Arizona State has played in a total of 28 bowl games with an overall record of 13–13–1. Here’s the complete listing. Continue reading
There have been many great plays in Territorial Cup rivalry games over the years. Here are some of the best.
Here are the breakdowns of ASU players drafted by round since 1964. Until 2013, Arizona State had at least one player drafted into the NFL every year since 1964, one of the longest streaks in college football at the time.
Note: where the player was drafted by both the NFL and AFL, I chose the lowest round. Note, this tally and the listing below do not include free agent signings. Continue reading
ASU’s spring football camp is now over, and it was obvious to all observers that things have changed. Discipline, teaching, and hustle defined the practices. A clear break from the Dennis Erickson regime. Nothing has been proven on the gridiron just yet, but the trend is exciting Sun Devil Nation. Time to buy your season tickets.
I was a bit surprised to read today that ASU had an increase of 11,064 attendees per home game, tops in the nation. The Sun Devils, picked to finish second in the PAC-12 South Division and showing off a new athletics logo and uniforms, rode excitement through the first 2/3rds of the season before falling apart in November, a month that ended with the firing of Dennis Erickson.
Arizona, on the hand, posted the steepest decline in the country at 6,455 per game. Not surprisingly given a ten-game losing streak against FBS opponents, attendance was down for the Wildcats, who fired their coach midway through the season.
Given the state of both programs, I’m still surprised to see ASU rank #1 in the country and to see UA fall to worst in the country. With two new coaches, Todd Graham and Rich Rodriguez, in place at both programs, it will be interesting to see how these numbers change next season.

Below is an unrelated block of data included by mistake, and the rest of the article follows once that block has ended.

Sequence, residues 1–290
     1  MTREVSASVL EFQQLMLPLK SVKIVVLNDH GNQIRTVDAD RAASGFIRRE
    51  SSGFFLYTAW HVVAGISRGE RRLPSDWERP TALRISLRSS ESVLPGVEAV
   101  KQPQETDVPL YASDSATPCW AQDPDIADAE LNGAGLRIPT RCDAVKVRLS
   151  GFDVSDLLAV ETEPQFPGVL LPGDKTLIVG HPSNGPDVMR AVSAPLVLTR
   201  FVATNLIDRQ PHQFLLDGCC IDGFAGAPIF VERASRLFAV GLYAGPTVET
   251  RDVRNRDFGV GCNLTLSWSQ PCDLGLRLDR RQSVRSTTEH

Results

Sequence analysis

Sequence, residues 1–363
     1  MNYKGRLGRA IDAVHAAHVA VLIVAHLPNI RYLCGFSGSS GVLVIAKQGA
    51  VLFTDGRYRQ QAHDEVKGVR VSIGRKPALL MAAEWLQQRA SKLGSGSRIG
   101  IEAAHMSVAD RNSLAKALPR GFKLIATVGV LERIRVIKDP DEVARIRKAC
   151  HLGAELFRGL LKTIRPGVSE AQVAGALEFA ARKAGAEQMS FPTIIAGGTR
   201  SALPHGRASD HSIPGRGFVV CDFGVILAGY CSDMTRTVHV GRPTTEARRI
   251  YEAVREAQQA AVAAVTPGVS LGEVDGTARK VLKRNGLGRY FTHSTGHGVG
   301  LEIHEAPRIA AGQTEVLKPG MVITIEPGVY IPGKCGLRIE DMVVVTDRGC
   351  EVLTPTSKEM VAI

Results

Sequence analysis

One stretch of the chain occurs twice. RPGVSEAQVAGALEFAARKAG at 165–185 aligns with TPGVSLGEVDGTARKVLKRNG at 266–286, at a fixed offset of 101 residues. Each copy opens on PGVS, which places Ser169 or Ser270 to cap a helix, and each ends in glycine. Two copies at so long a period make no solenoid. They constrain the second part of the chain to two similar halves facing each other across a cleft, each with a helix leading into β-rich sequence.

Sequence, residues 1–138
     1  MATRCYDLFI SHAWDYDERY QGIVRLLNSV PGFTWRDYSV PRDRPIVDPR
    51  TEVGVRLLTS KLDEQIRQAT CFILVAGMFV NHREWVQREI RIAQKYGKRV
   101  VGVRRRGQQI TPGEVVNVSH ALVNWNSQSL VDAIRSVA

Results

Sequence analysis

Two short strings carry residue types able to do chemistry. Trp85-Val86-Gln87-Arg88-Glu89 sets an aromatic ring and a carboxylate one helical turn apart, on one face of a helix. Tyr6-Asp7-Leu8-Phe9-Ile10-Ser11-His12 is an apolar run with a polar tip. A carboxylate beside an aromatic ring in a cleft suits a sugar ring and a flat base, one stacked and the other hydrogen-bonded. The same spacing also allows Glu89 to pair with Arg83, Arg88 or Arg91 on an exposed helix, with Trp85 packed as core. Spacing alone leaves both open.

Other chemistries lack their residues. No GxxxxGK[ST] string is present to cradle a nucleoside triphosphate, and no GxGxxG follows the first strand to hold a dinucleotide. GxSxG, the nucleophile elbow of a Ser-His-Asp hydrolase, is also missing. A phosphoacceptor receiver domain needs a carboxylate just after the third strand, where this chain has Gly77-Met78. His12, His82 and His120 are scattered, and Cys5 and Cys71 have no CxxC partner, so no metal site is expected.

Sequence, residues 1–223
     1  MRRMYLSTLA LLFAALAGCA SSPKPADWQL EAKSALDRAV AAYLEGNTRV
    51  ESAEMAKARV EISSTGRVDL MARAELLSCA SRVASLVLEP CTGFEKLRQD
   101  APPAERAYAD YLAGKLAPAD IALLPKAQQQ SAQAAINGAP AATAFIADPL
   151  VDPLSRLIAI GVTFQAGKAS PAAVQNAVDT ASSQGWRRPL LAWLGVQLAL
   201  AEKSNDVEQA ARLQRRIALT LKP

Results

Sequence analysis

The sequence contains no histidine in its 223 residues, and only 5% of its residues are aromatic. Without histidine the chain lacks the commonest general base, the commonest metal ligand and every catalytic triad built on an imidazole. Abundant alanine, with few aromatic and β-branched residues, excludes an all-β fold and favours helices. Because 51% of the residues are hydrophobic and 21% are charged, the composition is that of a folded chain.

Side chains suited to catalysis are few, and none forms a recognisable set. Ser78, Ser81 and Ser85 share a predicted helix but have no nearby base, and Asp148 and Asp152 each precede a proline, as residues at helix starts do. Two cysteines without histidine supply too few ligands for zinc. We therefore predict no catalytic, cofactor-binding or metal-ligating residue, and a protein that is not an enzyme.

I’d expect, with the angst around ASU and lower expectations for next year coupled with Arizona being the only game in town, that we’ll see a flip in the attendance trends—but I doubt we’ll see ASU at the bottom and UA at the top.
5. Rufus Arizona, UA’s first live wildcat mascot, hung himself from a tree limb on April 17, 1916—just months after being purchased as the school’s mascot. I suspect he was suicidal after he learned the story of how the university adopted the wildcats nickname.
4. In 1885, when the 13th Territorial Legislature awarded Tucson the University of Arizona (instead of the higher prized appropriations that accompanied the insane asylum or the state capital), Tucson citizens were so angry at receiving a university no one wanted that they pelted their returning legislators with ripe eggs, rotten tomatoes and—foreshadowing their future mascot—a dead cat. Talk about wildcat pride…
3. Nonetheless, U of A heavily promotes that it was Arizona’s first university. What they fail to mention, besides the less-than-proud tradition mentioned above, is that there was little need for a university in the Arizona Territory, which didn’t even have a high school at the time. While the “university” accepted students from its first day of class, the vast majority were placed in a specially established remedial prep school. It took 17 years for university students to outnumber those in prep classes, which were maintained for 23 years. It’s hard not to chuckle when you see a billboard U of A purchased to promote a less-than-proud beginning.
2. U of A’s original school colors were sage green and silver, representing sage brush and the state’s mining industry. However, in 1900, student manager Quintas J. Anderson was offered, at an extremely low price, a set of used solid blue uniforms trimmed in red. U of A bought the uniforms and changed their school colors to red and blue to match the sale-priced uniforms. So much for tradition, originality, or Arizona pride.
1. On November 7, 1914, the Arizona “Varsity” football team was shut out 14-0 by the team from Occidental College in California. Bill Henry, a student correspondent for the Los Angeles, tossing the visitors a bone after a sound defeat, wrote that the Arizona team “showed the fight of wild cats” while getting pummeled by Occidental. For some reason, the fans in Tucson were elated at the newspaper article and eager to adopt the throwaway line of an out of town student sports reporter as their school’s mascot. And it’s been Wildcats ever since.
Seriously, you can’t make this stuff up.